On October 2, 2004, at 1025 mountain standard time, a Classic Aircraft Corporation WACO YMF biplane, N43064, lost engine power and collided with a vehicle during a forced landing on a city street in Sedona, Arizona. Solid Edge Aviation, d.b.a. Red Rock Biplane Tours/Safari Air Tours, was operating the for hire sightseeing flight under the provisions of 14 CFR Part 91. The airline transport pilot and two passengers were not injured; the airplane sustained substantial damage. The airplane departed from the Sedona Airport about 1000 for the local area sightseeing flight. Visual meteorological conditions prevailed, and no flight plan had been filed. Use your browsers 'back' function to return to synopsisReturn to Query Page
According to the pilot, the tour was to be 30 minutes in duration. After approximately 10 minutes, the pilot heard a loud backfire and the airplane would not maintain altitude. The pilot glided down to a city street and prepared for landing. During the landing roll, the right wing struck a vehicle.
The airplane was equipped with an onboard video recording system that was used to provide customers with a video record of their sightseeing flight. The video was sent to the National Transportation Safety Board Vehicle Recorder Division for review. Two cameras were mounted under the left wing. One was facing rearward with a view of the passengers, and the other camera had a view straight ahead of the airplane. One camera view was recorded at one time, and the video switched between the views approximately every 12 seconds. Audio was recorded through the airplane's intercom system. Approximately 15 minutes into the video recording, the engine made "popping" sounds. The pilot's narration of the flight ends mid-sentence and his voice was not heard for the remainder of the flight. The pilot proceeded toward a town [Sedona] and prepared for landing on a four-lane road with traffic. The engine continued "popping" as the airplane touched down. During the landing roll, the airplane appeared to strike an object, turned 90 degrees to the right, and then came to a full stop.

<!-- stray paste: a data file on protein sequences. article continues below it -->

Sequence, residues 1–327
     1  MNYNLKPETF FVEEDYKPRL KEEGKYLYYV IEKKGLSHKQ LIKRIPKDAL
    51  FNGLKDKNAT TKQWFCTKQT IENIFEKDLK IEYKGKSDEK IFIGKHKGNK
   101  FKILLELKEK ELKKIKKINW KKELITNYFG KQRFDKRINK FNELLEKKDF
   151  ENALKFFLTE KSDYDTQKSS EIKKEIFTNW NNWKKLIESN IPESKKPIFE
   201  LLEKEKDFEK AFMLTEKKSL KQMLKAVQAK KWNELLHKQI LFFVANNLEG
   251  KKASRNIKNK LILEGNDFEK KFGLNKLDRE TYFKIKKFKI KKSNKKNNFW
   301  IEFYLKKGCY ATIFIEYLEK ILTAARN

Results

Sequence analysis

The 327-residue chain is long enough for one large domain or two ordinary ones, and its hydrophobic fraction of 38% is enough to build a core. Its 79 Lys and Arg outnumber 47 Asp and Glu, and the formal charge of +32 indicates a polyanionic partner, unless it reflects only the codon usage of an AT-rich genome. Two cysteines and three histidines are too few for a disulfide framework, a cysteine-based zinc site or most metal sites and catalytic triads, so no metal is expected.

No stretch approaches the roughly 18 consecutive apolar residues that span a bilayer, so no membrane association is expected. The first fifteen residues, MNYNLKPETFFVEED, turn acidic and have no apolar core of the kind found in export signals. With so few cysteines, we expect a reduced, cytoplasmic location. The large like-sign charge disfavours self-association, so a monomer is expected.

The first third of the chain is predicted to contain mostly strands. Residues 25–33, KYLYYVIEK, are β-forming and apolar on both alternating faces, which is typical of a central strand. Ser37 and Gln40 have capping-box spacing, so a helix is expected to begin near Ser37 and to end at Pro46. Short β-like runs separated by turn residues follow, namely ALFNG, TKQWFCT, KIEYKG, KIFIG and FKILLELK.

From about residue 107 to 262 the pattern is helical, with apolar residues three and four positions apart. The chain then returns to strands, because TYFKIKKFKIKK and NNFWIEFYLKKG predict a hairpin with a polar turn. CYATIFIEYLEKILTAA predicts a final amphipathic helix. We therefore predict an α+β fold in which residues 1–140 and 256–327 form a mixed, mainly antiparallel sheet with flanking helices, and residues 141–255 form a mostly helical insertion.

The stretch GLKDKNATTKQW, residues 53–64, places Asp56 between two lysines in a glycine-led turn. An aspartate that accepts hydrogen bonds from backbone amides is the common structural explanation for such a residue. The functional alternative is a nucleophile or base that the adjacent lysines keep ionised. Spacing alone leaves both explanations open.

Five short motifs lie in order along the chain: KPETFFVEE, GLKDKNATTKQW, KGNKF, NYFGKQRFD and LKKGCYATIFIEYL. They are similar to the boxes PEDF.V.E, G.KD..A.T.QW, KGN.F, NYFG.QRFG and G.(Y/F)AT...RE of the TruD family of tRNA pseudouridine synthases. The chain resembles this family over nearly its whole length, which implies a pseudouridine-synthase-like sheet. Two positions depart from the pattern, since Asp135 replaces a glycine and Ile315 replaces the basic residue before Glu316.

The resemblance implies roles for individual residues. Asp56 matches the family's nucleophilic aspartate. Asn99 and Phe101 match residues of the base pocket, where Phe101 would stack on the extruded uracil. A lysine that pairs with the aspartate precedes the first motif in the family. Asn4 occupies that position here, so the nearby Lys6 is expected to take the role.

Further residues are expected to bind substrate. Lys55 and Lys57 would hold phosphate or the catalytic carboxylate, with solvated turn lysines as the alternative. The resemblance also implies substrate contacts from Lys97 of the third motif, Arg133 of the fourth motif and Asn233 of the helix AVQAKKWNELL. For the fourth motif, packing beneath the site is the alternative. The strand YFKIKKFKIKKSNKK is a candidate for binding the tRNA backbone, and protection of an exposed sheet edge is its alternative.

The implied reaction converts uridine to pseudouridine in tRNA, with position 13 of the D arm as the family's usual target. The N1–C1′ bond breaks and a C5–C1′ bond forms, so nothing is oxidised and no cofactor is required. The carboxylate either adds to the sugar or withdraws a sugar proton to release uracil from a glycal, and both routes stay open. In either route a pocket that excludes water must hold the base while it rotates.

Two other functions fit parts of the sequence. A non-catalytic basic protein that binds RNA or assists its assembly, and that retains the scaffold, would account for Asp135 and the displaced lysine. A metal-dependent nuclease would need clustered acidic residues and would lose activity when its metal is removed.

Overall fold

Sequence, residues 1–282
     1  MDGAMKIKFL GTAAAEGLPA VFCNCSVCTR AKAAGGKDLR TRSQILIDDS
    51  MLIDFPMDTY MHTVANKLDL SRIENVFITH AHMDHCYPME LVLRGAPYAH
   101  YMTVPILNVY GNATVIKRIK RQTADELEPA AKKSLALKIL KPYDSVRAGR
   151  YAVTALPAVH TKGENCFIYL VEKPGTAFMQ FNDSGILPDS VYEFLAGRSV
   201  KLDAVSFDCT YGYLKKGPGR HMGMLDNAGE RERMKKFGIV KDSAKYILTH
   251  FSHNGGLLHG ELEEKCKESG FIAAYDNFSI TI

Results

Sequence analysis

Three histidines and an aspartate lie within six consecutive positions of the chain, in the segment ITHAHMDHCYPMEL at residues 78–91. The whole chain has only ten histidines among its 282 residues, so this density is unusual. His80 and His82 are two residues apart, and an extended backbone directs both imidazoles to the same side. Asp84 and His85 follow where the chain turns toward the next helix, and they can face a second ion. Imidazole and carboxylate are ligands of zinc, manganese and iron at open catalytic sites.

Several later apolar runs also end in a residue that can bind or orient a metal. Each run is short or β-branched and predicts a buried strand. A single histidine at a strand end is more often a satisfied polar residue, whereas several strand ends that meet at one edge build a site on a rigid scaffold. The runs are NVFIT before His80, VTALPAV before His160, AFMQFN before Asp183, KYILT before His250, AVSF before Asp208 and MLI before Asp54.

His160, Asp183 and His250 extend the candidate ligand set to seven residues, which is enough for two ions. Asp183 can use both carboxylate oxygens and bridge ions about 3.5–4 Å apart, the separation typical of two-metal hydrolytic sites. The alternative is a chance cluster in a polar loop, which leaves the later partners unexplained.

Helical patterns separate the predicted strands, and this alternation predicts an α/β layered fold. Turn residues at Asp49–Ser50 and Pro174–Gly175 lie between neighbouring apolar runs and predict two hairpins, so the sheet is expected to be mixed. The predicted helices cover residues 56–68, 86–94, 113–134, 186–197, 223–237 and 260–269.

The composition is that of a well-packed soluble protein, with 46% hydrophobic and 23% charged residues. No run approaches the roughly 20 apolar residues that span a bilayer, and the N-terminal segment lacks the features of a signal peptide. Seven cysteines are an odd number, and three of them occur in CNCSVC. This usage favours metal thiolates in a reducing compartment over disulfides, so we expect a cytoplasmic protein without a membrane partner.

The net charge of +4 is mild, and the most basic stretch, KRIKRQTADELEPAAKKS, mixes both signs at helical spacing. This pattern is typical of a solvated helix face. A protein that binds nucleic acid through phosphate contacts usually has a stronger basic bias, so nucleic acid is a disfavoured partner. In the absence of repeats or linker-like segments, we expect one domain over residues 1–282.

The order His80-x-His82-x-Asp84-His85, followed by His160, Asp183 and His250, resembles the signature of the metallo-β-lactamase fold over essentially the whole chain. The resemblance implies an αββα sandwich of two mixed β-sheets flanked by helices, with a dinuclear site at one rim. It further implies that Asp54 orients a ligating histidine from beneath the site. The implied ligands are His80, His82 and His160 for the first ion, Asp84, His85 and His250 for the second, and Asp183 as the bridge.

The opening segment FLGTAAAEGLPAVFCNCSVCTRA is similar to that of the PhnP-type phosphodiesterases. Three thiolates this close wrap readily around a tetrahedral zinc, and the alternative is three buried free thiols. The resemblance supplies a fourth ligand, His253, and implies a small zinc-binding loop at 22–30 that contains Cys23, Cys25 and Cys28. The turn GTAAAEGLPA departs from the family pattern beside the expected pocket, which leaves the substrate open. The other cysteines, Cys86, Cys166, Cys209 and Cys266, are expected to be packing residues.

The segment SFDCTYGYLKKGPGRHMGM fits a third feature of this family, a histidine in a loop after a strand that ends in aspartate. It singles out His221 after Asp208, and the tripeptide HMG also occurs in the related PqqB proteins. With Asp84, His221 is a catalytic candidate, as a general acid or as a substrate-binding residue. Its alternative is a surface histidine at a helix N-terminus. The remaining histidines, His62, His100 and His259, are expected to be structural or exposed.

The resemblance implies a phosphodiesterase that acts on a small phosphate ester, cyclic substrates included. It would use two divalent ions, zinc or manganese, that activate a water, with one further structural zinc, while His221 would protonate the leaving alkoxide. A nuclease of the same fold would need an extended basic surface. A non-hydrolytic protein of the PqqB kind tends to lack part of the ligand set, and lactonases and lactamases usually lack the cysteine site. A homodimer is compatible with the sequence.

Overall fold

Post accident examination of the airplane's engine revealed that the number 7 cylinder exhaust valve rocker arm was fractured. The rocker arm was sent to the Safety board Materials Laboratory for further examination. The rocker is constructed of a boss, which contains a bearing into which a rocker shaft is inserted, into two arms. One arm, identified as the pushrod arm, has a spherical seat into which the matching end of a pushrod is located, and the other arm, identified as the valve arm, has a roller that contacts the stem portion of the valve. The fracture was inboard of the pushrod arm portion where it connects to the rocker boss. Examination of the pushrod arm and boss portion displayed crack arrest marks of fatigue that matched each other. The metallurgist determined that the fracture surface marks were consistent with a grinding operation used to remove extra material (commonly referred to as flash) that can occur at the mold parting line. The mold parting line is the centerline of a part that is uniform on both sides of it. The full metallurgical report is included in the docket.